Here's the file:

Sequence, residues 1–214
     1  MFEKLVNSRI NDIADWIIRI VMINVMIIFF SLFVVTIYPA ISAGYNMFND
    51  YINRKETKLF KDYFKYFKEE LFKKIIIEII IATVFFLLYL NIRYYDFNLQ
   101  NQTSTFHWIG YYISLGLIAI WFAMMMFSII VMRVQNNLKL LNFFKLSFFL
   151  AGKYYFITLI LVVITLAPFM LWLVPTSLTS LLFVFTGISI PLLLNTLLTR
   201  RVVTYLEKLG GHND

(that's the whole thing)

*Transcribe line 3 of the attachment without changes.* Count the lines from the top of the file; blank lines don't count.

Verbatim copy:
    51  YINRKETKLF KDYFKYFKEE LFKKIIIEII IATVFFLLYL NIRYYDFNLQ